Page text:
This spectacular manuscript of Beatus of Liébana’s commentary on the Apocalypse survives in near perfect condition from the first decade of the 12th century. It was copied and illuminated in the Spanish monastery of Santo Domingo de Silos at a time when the monastery’s scriptorium was producing its finest work. Painted in brilliant colours and embellished with gold and silver leaf, its 106 striking miniatures illustrate the most extraordinary scenes in the Christian Bible - a triumph of artistic vision.
Its beauty and excellent state of preservation would alone make this an important manuscript. But there is more besides. It also contains one of the oldest Christian maps of the world. The map presents a picture of the Mediterranean world virtually unchanged since the 8th century, which in turn reflected an even older world view inherited from Roman times.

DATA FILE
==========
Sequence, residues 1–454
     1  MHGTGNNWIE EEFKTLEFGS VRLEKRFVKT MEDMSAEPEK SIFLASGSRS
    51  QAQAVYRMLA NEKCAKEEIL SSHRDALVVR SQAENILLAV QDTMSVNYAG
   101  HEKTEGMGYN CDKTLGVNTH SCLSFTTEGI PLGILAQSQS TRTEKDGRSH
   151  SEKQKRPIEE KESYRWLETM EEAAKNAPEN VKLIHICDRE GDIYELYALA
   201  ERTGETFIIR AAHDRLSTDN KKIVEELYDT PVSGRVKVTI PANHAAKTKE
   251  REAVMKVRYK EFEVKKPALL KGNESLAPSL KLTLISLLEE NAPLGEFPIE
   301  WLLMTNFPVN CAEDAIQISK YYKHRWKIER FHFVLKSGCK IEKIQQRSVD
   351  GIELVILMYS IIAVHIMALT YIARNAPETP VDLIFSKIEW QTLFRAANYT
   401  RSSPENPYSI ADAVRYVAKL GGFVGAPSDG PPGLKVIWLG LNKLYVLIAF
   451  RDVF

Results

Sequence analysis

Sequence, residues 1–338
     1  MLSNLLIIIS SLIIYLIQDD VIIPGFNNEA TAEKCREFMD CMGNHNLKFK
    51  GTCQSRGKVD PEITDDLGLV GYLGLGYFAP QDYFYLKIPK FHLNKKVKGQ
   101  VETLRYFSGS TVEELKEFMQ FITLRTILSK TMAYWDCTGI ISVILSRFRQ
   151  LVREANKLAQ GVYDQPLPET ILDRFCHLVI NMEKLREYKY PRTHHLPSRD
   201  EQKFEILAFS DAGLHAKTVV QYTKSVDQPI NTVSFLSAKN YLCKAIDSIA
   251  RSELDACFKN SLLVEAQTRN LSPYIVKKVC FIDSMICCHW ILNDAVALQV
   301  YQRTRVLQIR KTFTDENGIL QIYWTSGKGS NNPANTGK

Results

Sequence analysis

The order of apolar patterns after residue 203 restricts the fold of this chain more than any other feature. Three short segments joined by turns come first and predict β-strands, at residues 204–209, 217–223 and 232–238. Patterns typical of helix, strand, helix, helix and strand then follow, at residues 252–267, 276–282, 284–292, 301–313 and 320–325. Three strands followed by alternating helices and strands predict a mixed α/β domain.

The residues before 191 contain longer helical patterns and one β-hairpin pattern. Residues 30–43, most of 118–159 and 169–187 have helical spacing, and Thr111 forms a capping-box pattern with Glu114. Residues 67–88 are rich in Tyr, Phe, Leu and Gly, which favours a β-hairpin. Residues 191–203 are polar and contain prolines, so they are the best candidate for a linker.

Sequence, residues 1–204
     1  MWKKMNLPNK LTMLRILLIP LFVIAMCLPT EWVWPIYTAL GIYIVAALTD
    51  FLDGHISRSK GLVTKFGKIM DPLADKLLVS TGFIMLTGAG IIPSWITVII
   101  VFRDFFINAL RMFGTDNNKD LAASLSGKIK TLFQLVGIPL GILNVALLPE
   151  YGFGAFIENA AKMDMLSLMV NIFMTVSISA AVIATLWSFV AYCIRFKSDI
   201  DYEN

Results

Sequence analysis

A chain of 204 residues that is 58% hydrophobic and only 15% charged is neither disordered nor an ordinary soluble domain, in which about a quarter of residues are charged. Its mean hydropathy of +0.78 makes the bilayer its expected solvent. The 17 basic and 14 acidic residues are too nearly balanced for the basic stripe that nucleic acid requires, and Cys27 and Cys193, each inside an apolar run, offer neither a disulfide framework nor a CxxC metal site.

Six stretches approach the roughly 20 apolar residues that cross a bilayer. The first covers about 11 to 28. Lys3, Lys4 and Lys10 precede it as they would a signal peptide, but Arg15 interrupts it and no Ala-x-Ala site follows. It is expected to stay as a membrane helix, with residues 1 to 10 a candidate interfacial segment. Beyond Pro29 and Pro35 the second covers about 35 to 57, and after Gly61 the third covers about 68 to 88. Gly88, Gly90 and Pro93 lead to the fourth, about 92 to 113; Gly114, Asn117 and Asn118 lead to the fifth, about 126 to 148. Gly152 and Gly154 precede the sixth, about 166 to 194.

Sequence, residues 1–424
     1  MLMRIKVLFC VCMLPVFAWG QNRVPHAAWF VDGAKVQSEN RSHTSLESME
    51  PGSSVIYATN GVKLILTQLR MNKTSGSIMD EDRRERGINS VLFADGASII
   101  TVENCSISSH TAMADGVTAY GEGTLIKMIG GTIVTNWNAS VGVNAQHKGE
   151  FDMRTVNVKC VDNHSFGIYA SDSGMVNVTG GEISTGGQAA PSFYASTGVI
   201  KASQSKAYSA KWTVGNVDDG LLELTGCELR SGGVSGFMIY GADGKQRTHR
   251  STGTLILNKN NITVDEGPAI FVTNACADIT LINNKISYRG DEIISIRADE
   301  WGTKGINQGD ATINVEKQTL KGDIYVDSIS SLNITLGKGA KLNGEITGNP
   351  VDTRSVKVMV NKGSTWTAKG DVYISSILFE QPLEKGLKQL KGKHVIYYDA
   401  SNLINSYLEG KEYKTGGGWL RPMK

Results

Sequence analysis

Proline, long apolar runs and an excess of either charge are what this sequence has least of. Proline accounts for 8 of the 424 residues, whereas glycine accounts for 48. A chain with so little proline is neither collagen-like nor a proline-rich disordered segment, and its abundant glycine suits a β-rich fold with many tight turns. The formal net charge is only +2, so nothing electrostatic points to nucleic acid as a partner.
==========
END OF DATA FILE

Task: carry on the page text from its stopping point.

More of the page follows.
The map was intended to show the routes taken by the Christian missions of the early saints. East is at the top of the map, rather than the right as in modern maps. Adam and Eve are portrayed against a dark green background representing the verdant Garden of Eden. Beyond the Red Sea is a hint of an undiscovered fourth continent that some ancient thinkers – among them, Pliny, the first-century Roman writer – had suggested must exist in order to balance the known land masses of Europe, Asia and Africa.